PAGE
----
Another Vickers export design, this one for the Turkish ship Reshadeih. This ship was taken over by Britain at the start of World War I and renamed HMS Erin.
Construction was very similar to the 13.5"/45 (34.3 cm) Mark V without the taper fit. Only ten Mark VI guns were made, so when one needed to be relined, it was replaced with a Mark V gun with a special propellant charge in order to give it the same muzzle velocity as the Mark VI.
|Designation||13.5"/45 (34.3 cm) Mark VI|
|Ship Class Used On||Erin|
|Date Of Design||1909|
|Date In Service||1914|
|Gun Weight||With Breech: 171,584 lbs. (77,829 kg)|
|Gun Length oa||625.9 in (15.9 m)|
|Bore Length||607.5 in (15.431 m)|
|Chamber Volume||16,800 in3 (275 dm3)|
|Rate Of Fire||1.5 - 2 rounds per minute|
|Projectile Types and Weights||APC Mark Ia - 1,400 lbs. (635.0 kg)
APC Mark IIIa (Greenboy) - 1,410 lbs. (639.6 kg)
CPC - 1,400 lbs. (635.0 kg)
HE - 1,400 lbs. (635.0 kg)
|Bursting Charge||APC Mark Ia - 44.5 lbs. (20.2 kg)
APC Mark IIIa - 33 lbs. (15.0 kg)
CPC - 117.5 lbs. (53.3 kg)
HE - 176.5 lbs. (80.1 kg)
(see Note 2)
|APC Mark Ia - 49.6 in (126 cm)
APC Mark IIIa - 49.2 in (125 cm)
CPC - 59.8 in (151.9 cm)
(see Note 1)
|297 lbs. (135 kg)|
|Muzzle Velocity||2,445 fps (745 mps)|
|Approximate Barrel Life||300 rounds|
|Ammunition stowage per gun||80 rounds|
- The propellant charge for the single Mark V gun carried by HMS Erin was 288 lbs. (130.6 kg) in order to obtain the same muzzle velocity as the Mark VI guns.
- The projectile lengths given are average numbers. There were as many as five different manufacturers for these munitions, each producing a slightly different projectile from the others.
|Range||KC-type Side Armor||Deck Armor||Striking Velocity|
|0 yards (0 m)||17.3" (439 mm)||---||2,500 fps (762 mps)|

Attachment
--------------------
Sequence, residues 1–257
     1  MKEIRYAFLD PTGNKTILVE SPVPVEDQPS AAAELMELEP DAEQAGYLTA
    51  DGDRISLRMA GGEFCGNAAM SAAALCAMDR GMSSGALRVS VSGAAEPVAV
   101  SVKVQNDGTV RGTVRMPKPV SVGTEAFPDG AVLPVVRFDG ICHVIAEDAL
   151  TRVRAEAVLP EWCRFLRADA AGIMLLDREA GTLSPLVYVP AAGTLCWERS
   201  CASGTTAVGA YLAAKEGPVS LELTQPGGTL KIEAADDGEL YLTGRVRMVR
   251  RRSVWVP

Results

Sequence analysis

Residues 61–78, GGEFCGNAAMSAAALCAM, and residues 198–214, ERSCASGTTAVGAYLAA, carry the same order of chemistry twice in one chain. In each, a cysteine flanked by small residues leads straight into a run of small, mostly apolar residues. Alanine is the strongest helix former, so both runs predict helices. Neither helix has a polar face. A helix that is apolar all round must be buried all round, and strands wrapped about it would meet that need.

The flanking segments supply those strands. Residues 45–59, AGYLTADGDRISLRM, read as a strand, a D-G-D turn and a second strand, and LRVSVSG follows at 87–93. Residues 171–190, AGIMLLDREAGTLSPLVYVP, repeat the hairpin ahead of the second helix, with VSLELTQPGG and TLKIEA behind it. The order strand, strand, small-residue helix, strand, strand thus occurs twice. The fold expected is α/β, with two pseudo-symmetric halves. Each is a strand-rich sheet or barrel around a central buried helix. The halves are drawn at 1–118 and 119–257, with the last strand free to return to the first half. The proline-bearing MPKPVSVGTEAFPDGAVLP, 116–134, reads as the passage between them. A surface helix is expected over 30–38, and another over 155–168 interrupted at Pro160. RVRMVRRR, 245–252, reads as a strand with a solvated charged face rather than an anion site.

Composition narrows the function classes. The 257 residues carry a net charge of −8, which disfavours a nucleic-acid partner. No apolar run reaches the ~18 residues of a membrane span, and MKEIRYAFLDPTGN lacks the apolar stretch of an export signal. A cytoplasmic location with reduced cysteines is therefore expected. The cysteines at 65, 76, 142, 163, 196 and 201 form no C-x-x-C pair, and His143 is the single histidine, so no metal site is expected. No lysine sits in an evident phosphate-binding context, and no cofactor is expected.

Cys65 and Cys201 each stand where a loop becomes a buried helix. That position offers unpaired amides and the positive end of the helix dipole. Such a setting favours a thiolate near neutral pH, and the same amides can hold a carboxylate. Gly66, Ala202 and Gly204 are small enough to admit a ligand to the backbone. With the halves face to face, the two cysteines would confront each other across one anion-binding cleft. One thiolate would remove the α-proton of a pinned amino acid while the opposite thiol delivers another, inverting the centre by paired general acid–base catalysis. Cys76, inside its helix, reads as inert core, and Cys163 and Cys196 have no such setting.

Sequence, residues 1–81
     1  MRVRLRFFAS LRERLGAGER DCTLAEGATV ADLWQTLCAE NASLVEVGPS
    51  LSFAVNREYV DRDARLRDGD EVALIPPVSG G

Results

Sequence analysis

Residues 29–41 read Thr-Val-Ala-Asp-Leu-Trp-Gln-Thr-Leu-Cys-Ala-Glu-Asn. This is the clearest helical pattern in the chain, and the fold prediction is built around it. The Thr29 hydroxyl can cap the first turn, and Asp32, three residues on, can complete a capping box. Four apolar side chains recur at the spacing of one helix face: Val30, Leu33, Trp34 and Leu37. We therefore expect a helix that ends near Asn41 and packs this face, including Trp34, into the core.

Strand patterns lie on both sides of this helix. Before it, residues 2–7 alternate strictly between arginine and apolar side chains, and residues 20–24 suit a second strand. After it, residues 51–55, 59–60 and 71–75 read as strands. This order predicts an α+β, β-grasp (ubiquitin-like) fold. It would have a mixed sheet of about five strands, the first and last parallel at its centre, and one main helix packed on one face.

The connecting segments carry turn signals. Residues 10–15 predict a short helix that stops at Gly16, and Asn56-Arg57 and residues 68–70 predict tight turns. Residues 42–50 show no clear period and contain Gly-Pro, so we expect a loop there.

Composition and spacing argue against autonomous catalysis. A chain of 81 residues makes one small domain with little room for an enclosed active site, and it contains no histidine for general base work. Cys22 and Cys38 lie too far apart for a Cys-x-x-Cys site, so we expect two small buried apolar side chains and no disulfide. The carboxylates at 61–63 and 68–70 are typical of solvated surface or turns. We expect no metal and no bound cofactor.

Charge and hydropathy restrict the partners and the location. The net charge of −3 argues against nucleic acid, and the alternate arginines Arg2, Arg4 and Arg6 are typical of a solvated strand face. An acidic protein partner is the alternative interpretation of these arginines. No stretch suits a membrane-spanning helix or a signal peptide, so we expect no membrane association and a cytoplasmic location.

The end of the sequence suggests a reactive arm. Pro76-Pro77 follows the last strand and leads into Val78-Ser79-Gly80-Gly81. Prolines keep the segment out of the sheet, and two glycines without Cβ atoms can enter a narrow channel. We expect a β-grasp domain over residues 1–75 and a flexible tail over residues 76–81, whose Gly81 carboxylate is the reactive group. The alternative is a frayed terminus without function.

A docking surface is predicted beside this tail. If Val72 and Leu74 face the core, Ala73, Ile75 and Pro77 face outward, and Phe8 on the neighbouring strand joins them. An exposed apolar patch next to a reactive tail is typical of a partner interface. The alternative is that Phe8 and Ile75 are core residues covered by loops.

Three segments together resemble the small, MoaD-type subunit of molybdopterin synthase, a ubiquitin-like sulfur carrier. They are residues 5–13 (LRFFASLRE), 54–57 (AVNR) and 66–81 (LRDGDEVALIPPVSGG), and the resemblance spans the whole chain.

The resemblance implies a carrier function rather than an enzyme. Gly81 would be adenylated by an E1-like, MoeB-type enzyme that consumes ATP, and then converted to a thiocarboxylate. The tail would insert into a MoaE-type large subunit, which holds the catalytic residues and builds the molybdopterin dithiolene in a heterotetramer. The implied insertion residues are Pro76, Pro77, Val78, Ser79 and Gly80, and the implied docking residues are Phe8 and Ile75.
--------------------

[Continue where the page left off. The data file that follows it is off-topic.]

|10,000 yards (9,144 m)||12.5" (318 mm)||---||1,850 fps (564 mps)|
- Data from "British Battleships of World War Two."
- The penetration figures in this table are for an uncapped AP shell striking the plate at 90 degrees, i.e., with the axis of the shell perpendicular to the face of the plate. A capped shell would give about 10 to 20% improvement at low velocities and about 30 to 50% at high velocities.
Erin (5): 13.5-in "Special"
|Weight||600 tons (610 mt)|
|Elevation||-3 / +20 degrees|
|Rate of Elevation||N/A|
(see Note 1)
|Forward and aft turrets: about -150 / +150 degrees
Q turret: about 30 to 150 degrees on either side
|Rate of Train||N/A|
- Superfiring turrets could not fire within 30 degrees of the axis because the blast effects would have penetrated into the lower turrets through the sighting hoods.
- "Q" turret was a deck higher than in contemporary British 13.5" (34.3 cm) battleships, making the amidship mounting drier as a result.
"The Grand Fleet: Warship Design and Development 1906 - 1922" by D.K. Brown
"British Battleships of World War One" by R.A. Burt
"Naval Weapons of World War Two," "Jutland: An Analysis of the Fighting" and "British Naval Guns 1880-1945 No 2" article in "Warships Volume V" all by John Campbell
"Battleship Design and Development 1905-1945" by Norman Friedman
"The Big Gun: Battleship Main Armament 1860-1945" by Peter Hodges
"British Battleships: 1860 - 1950" by Oscar Parkes
"British Battleships of World War Two" by Alan Raven and John Roberts
Special help from Neil Stirling